As threatened, throughout April - in celebration of Record Store Day - I offer up a daily post related to all things record shop.
And if any of it sounds like a manifesto, consider it good practice for my election campaign next year.
Day two's steaming pile of japery, kinghell boring bullshit and contentious nonsense...
What's In A Name?
There's a bio of the shop kicking around which I sometimes think I should stick somewhere in the shop to qualify the shop's unwieldly/childish/confusing/crap moniker.
The bio goes something like this: 'me and The Wife were in the back of the van in the wilds of Western Australia, discussing my limited job prospects upon our return to the UK. Opening a record shop and what it would be called came up. Ryan Adams' Heartbreaker record was playing on our ipod and the opening track, the studio banter 'beat up by fascists and left for dead!' struck a chord. One, because I love that record and two, because my third eye stared into THE WHEEL OF TIME to such a time and space when record shops would be literally left for dead on the high street.' I jape. It was meant to be ironic. CRYING FACE EMOJI.
INTERESTING ASIDE: Ethan Johns, the producer and collaborator on Heartbreaker (and great friend to the shop) once told me that he found it disconcerting playing in a shop named after an incident that put him in hospital. Imagine having that on your conscience. CRYING FACE EMOJI TIMES TWO.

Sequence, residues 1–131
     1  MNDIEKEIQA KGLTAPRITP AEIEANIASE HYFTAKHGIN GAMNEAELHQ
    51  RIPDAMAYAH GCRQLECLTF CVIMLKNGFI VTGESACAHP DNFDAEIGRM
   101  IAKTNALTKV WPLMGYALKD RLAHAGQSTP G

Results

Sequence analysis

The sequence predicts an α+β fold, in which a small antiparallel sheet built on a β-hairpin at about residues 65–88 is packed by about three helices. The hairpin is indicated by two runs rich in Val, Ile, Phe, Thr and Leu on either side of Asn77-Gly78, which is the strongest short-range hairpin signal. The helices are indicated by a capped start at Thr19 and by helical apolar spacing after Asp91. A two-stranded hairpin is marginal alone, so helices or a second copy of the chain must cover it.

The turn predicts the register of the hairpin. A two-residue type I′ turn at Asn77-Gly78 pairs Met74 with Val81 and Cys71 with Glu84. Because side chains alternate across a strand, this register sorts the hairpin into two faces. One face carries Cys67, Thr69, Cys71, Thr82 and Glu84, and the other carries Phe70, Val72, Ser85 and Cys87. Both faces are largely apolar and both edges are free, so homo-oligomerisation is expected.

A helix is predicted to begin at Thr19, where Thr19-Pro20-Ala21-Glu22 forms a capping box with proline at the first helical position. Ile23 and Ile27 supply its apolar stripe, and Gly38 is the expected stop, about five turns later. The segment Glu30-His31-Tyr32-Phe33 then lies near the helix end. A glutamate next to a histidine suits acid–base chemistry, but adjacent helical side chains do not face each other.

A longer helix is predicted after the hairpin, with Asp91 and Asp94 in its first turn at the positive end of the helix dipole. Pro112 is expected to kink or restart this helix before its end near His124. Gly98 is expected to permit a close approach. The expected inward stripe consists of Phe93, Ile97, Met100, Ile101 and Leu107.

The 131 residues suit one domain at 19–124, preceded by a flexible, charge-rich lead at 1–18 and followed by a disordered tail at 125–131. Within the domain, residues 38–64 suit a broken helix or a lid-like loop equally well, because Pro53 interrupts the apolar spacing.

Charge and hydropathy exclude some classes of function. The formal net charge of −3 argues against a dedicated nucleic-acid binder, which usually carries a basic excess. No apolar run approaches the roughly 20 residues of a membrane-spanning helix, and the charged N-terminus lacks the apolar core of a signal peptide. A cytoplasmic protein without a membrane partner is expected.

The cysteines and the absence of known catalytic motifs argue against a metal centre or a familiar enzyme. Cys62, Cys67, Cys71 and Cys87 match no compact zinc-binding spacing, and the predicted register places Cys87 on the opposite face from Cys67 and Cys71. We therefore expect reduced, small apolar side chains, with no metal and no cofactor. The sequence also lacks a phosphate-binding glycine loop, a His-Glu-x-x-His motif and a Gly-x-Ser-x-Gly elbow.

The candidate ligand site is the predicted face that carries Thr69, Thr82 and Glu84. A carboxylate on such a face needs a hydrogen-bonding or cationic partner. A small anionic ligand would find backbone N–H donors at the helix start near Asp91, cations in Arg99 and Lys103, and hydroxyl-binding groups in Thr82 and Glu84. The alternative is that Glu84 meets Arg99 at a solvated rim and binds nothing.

And so much for all that...
Of course, ironic (moronic) can also become prophetic, but in the meantime I'd do everything (?) I wanted to to make Left For Dead a success, which leads me to this - I remember someone telling me that successful branding is half the battle. I'm a lover not a fighter so I guess I was on a hiding to nothing on that one; I certainly have no doubt that calling the shop by a single amorphous noncommittal verb would have given the shop better 'optics' (and looked better on a t-shirt), but aren't Coldplay lyrics essentially strings of amorphous noncommittal verbs? And aren't Coldplay bollocks?
I also understand that if someone doesn't get the IRONY of calling a business endeavour Left For Dead, then the chances are they'll only take the negative connotations from the name. Which in my case is catastrophic. I mean, you can't get more negative than being dead, right? And the word 'dead' doesn't feel very nice in the mouth does it?
In the shop I hear this a lot:
Bloke on his phone: "Hiya. Yeah. Oh are you? OK, I'm in Left Fo...*choking sound* er, I'm in that record shop on Wyle Cop."
CRYING FACE EMOJI TIMES THREE.
The Future (if there is one) might possibly see Left For Dead become LFD. I hear acronyms are quite successful too. Oh hang on a minute...
EXTERIOR: THE AUSTRALIAN OUTBACK. IT IS NIGHT TIME. AN ORANGE CAMPER VAN IS PARKED IN A FORESTED CLEARING. FIREFLIES AND CRICKETS ABOUND. A DIM LIGHT CAN BE SEEN INSIDE THE VAN.
INTERIOR: A YOUNG COUPLE SIT IN THE VAN. MUSIC IS PLAYING. WINE IS BEING DRUNK.
FEMALE, ATTRACTIVE, GIDDY, SLIGHTLY DRUNK: 'OK, WHAT WOULD YOU CALL IT?'
MALE, OLDER, SEMI-INCOHERENT, PISSED OUT OF HIS TINY MIND: 'EASY. SMOOTH TRANSACTION'